According to a new report, bitcoin mining now accounts for almost one percent of the world’s energy consumption, enough energy to power a state like Ohio or New York.

Bitcoin has been alarming people for years because of the amount of electricity needed to mine new virtual coins. The amount of energy required to run a cryptocurrency network in exchange for a chance to win some free coins, is quite a lot.

Especially the large-scale mining companies that spend huge amount of energy on mining operations, suffer with this energy problem.

Even though many mining companies are now coming towards green energy and deploying many ways to make the mining process more energy efficient. But as researchers point out it’s just a drop in the bucket compared to the overall network’s mind boggling energy consumption.

Princeton computer scientist Arvind Narayanan derived a connection between the energy that is used to mine a bitcoin and the price of the bitcoin. He said that if the price of a cryptocurrency goes up, more energy will be used in mining it; if it goes down, less energy will be used.

Narayanan estimates that Bitcoin mining now uses about five gigawatts of electricity per day.

In addition to the energy that is consumed by a computer to mine bitcoins, electricity is also used to cool up the computers when they get hot during the mining process, ultimately increasing the overall cost associated with the mining.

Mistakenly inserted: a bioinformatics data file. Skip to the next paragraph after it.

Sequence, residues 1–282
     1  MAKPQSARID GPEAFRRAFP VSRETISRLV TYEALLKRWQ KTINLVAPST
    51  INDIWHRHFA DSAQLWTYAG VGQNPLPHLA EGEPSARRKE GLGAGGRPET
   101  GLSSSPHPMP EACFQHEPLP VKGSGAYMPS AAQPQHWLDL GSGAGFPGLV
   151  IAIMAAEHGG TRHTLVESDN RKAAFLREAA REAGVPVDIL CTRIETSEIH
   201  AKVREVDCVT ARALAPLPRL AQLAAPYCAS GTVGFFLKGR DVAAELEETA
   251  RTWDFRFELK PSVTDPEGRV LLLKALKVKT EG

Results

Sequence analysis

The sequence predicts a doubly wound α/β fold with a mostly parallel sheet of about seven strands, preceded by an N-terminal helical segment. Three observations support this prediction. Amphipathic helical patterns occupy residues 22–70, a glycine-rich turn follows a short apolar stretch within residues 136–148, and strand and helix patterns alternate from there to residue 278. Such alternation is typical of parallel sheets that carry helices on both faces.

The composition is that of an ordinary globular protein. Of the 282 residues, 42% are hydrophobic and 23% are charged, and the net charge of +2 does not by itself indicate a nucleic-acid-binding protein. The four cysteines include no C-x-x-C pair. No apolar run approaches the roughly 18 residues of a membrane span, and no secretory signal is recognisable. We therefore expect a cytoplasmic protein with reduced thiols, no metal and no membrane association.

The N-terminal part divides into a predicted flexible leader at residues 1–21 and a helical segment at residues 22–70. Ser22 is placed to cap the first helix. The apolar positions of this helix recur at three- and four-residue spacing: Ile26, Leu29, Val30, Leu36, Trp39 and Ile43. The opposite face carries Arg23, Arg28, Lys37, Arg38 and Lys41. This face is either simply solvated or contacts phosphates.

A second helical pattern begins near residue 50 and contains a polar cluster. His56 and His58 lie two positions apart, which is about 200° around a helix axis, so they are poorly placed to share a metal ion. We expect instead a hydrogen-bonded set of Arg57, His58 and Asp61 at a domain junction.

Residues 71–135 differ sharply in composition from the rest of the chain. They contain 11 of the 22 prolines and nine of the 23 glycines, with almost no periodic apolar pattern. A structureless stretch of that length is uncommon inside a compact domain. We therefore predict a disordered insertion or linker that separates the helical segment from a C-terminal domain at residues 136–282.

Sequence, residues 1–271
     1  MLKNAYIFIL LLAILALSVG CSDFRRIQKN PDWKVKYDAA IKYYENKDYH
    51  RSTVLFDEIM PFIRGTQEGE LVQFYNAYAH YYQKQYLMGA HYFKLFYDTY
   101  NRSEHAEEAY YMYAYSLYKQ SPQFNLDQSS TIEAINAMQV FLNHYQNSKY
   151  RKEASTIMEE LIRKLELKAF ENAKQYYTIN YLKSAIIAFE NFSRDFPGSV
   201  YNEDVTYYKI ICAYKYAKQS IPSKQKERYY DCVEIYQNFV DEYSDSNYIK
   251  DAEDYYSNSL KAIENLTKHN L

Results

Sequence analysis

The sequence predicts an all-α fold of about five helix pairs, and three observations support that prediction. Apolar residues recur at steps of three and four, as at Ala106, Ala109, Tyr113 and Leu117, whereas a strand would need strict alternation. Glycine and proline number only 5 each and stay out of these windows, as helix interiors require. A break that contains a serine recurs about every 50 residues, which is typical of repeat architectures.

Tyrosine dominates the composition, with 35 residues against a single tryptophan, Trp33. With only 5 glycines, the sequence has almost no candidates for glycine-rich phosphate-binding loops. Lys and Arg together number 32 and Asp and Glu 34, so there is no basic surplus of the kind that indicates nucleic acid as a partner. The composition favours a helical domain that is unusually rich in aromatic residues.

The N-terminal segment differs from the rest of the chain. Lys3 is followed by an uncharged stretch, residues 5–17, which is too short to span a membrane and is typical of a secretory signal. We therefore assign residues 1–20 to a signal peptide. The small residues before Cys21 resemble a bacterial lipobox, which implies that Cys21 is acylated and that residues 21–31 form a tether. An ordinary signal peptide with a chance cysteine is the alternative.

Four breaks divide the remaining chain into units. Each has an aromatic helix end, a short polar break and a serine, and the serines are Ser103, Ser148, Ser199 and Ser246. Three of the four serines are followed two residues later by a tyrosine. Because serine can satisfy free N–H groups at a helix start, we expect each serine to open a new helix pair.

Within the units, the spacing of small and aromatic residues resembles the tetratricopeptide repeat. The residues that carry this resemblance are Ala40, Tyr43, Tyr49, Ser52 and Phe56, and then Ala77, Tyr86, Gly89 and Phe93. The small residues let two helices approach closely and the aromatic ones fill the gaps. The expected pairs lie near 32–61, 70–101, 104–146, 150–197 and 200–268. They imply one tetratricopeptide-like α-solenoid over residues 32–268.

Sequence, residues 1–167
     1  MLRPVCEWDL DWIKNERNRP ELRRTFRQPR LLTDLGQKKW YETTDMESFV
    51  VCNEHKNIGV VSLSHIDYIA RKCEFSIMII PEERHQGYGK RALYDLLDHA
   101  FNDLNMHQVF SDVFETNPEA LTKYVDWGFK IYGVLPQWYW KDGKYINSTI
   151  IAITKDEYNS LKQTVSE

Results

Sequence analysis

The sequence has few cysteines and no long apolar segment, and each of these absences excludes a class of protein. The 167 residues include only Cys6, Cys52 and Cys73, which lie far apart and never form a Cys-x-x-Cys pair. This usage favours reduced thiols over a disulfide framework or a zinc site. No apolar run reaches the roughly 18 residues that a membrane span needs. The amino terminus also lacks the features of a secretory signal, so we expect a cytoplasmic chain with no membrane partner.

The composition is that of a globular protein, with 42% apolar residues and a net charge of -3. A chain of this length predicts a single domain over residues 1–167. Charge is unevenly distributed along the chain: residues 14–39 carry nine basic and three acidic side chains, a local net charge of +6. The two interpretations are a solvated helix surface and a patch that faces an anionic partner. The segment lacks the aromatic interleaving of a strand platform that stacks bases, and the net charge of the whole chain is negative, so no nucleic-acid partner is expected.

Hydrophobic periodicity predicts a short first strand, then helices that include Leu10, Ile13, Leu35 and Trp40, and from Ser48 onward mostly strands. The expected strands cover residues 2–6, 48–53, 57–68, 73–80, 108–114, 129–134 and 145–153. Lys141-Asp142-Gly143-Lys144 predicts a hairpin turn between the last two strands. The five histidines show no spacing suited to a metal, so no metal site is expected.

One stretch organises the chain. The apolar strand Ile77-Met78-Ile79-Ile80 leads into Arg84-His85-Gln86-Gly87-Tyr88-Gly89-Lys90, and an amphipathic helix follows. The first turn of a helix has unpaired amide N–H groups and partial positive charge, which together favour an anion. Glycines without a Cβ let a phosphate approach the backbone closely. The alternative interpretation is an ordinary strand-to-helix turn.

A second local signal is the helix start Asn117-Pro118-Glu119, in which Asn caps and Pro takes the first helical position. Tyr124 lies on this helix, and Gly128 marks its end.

Bitcoin and most other cryptocurrencies were found on the notion of an immutable ledger, called the blockchain, which comprises transfers of value from one party to another.

Cryptocurrency miners set up computers that seek results to an algorithmic puzzle that demands a very specific set of requirements. An acceptable solution is mostly found by a computer on average of ten minutes and the miner gets a reward from the bitcoin system for that.

The reward that is currently served by system to miners is 12.5 bitcoins (worth around $85,000) and about $1,000 in transaction fees. So it’s a big business for cryptocurrency miners.

But the Bitcoin system makes sure that the coins are not minted too quickly by continuously making it harder to find a putative solution to the puzzle.

After almost 2 weeks (every 2016 blocks) the system recalibrates itself and miners left up with no other option than to upgrade their computers if they want to get rewards as fast as competitors.

This whole system of blockchain then requires more and more computing power and more computing power requires more electricity.

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